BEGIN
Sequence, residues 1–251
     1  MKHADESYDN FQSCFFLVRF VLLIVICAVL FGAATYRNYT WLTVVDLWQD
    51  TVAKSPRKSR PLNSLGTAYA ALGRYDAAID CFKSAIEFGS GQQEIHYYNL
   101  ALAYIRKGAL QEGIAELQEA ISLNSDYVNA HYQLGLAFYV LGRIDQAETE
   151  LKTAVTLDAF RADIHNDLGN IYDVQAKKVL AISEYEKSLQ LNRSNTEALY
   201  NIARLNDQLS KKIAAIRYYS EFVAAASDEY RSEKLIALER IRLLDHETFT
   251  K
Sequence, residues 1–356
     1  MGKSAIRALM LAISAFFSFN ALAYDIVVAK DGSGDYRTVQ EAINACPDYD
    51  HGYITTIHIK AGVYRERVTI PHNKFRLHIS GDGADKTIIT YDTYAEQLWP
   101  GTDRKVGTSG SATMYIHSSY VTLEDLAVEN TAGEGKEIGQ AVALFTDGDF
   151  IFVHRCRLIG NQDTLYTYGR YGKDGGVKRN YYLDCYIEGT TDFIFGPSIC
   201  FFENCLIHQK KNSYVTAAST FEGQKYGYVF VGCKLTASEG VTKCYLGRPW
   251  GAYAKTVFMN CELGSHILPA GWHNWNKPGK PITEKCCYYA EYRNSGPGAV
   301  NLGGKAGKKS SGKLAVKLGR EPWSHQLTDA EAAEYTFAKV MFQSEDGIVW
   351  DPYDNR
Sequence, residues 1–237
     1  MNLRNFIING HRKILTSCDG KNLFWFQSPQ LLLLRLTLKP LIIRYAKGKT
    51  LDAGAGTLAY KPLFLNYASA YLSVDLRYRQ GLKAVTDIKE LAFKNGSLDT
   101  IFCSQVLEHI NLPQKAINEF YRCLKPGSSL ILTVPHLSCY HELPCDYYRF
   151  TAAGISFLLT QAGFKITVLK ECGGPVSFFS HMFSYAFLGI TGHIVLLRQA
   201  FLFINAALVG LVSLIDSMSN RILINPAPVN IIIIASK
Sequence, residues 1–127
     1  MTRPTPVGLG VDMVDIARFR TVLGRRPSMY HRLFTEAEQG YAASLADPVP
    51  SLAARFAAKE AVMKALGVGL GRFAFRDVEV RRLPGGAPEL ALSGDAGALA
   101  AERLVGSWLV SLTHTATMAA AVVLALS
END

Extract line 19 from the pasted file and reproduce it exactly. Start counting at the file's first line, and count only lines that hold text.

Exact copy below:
    51  LDAGAGTLAY KPLFLNYASA YLSVDLRYRQ GLKAVTDIKE LAFKNGSLDT